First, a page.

Wednesday, January 08, 2014

The Supreme Court of the Philippines

Sad but true, precarious yet obvious, the Supreme Court of the Philippines is in more ways than one, under threat of subjugation specifically by the Executive Department. While the Supreme Court is co-equal in authority with the Executive Department, this however is throwing its weight on the former, having already the Legislative Department under its fiscal command. The Supreme Court is trying to exercise its judicial function independently of the Executive Department particularly regarding two Cases, viz., the contentious Population Control Law and the dubious DAP praxis. Would that the kudos that were heaped on the Supreme Court for its brave and daring yet just and proper decision on the PDAF, keep it standing tall, head high. Meantime, it will be good even but to read and appreciate the following three categorical constitutional provisions relative to the Supreme Court of the Philippines:

(1) The judicial power shall be vested in one Supreme Court and in such lower courts as may be established by law.” (Phil. Constitution, Art. VII, Sec. 1)

In judicial matters, no entity in the Philippine government has authority over the one and only Supreme Court – neither Congress nor the Senate, not even the pretentious MalacaƱang.

(2) The Judiciary shall enjoy fiscal autonomy. Appropriations for the judiciary may not be reduced by the Legislature below the amount appropriated for the previous year and after approval, shall be automatically and regularly released.” (Idem, Art. VIII, Sec. 3)

The fiscal autonomy of the Judiciary is intended to protect it from the power of the purse of the Legislative Department. This is precisely because the three branches of government are co-equal in authority or power.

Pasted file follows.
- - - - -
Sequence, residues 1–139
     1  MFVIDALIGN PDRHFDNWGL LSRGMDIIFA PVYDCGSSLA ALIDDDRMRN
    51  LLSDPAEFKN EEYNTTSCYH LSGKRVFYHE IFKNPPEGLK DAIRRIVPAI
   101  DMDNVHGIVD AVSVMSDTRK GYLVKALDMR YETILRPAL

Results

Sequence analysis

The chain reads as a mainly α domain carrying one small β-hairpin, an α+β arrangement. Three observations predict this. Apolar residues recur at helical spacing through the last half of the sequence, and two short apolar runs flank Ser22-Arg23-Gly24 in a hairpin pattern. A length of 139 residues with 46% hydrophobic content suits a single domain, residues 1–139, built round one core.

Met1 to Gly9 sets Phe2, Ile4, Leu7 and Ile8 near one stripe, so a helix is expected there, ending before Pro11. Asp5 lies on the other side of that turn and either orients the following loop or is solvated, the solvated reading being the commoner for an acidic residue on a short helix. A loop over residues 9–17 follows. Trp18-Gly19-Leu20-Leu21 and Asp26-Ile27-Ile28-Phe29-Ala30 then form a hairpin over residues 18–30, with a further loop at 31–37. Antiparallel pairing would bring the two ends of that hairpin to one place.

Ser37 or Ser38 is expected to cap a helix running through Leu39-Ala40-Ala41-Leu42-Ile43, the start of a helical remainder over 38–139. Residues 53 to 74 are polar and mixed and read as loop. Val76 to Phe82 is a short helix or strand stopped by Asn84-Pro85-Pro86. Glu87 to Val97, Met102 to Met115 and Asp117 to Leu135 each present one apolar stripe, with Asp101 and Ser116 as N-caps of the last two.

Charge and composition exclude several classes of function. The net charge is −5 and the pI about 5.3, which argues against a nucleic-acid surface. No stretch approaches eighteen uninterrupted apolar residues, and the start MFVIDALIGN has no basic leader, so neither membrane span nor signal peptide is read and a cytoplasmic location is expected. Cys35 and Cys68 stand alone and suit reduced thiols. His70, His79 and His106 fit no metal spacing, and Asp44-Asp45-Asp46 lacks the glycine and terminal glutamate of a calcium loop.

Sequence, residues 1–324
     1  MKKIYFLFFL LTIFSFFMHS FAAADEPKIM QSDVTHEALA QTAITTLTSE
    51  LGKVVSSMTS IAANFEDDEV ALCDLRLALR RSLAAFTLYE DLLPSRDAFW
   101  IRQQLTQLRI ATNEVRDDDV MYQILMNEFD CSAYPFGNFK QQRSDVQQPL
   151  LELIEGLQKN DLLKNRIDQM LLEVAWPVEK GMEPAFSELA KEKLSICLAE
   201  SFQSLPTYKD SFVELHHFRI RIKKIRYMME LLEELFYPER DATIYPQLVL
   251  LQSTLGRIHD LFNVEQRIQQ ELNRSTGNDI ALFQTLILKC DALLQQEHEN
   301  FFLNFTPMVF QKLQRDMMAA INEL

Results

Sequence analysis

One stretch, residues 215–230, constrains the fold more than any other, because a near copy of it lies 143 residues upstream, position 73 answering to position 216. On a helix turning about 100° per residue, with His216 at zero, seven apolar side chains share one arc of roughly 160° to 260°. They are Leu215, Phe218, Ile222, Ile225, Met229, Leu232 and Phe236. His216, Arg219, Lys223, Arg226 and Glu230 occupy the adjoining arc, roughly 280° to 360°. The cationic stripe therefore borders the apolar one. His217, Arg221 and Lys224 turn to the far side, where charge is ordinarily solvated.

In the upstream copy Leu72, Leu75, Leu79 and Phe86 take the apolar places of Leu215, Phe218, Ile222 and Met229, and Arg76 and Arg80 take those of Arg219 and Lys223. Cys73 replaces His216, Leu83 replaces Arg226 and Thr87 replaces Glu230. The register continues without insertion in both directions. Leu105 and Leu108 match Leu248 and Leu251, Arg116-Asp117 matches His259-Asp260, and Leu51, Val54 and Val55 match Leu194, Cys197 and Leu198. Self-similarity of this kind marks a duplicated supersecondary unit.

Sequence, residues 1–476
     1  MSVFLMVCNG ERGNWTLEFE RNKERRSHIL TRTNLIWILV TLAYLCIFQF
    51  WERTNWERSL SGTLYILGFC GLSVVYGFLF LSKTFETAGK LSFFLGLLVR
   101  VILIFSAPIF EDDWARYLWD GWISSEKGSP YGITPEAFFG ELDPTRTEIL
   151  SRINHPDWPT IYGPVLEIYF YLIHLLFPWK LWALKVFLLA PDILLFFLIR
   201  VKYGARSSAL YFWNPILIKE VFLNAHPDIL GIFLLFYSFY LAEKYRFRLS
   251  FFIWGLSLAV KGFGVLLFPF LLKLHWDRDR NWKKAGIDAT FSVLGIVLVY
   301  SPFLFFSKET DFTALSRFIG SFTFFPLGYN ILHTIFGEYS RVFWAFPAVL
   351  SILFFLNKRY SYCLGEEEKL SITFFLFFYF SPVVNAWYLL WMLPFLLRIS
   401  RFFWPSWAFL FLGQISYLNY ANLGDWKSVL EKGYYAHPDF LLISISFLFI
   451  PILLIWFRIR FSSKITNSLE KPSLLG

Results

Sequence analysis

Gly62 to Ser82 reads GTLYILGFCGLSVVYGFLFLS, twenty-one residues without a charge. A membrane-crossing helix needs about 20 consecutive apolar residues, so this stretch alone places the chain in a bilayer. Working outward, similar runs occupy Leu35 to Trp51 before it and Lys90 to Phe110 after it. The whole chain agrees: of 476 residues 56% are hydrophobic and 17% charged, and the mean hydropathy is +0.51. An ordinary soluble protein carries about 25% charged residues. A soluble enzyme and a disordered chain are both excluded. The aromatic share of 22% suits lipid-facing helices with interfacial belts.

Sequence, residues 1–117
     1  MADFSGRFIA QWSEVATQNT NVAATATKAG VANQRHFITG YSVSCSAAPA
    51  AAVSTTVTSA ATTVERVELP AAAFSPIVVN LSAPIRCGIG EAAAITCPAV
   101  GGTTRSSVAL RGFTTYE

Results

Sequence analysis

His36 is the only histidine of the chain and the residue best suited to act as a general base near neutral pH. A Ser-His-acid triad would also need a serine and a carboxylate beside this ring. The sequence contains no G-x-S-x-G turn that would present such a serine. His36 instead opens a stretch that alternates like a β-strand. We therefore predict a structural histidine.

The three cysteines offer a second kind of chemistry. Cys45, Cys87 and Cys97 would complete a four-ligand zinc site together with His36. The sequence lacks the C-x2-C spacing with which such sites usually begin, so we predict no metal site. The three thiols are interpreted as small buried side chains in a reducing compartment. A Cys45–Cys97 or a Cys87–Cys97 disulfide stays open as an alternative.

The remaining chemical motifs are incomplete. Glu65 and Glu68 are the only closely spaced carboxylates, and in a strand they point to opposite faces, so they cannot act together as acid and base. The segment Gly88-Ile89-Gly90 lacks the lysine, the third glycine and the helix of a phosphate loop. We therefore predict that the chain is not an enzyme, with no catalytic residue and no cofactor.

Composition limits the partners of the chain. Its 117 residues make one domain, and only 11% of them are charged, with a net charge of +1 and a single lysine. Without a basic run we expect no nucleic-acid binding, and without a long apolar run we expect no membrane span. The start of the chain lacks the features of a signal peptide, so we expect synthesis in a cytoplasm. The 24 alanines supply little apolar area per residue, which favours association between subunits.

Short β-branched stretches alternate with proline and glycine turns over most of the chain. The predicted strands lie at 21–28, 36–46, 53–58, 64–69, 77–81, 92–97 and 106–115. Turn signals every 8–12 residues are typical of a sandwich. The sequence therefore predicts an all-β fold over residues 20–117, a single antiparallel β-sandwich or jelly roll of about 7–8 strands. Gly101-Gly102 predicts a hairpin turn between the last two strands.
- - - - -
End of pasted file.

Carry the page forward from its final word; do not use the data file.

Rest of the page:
(3) “A member of the Judiciary must be a person of proven competence, integrity, probity, and independence.” (Ibidem, Sec. 7, no. 3)

It is not simply impressive but also expected that to be a member of the Judiciary; there are no less than four requirements. First, the candidate must already gave a proven competence especially in the handling, understanding, and resolution if judicial issues. Second, the same candidate must have demonstrated integrity or rectitude in his/her personal disposition and pursuant actuation. Third, the said candidate should be known for his/her probity or honesty in handling agenda, in resolving questions. Fourth, the same candidate, too, should have established his/her independence or self-autonomy decision making.

Meantime, the candidate for the Office of the President is required but to know how to read and write – plus other minor and incidental prerequisites. How pitiful! How licentious!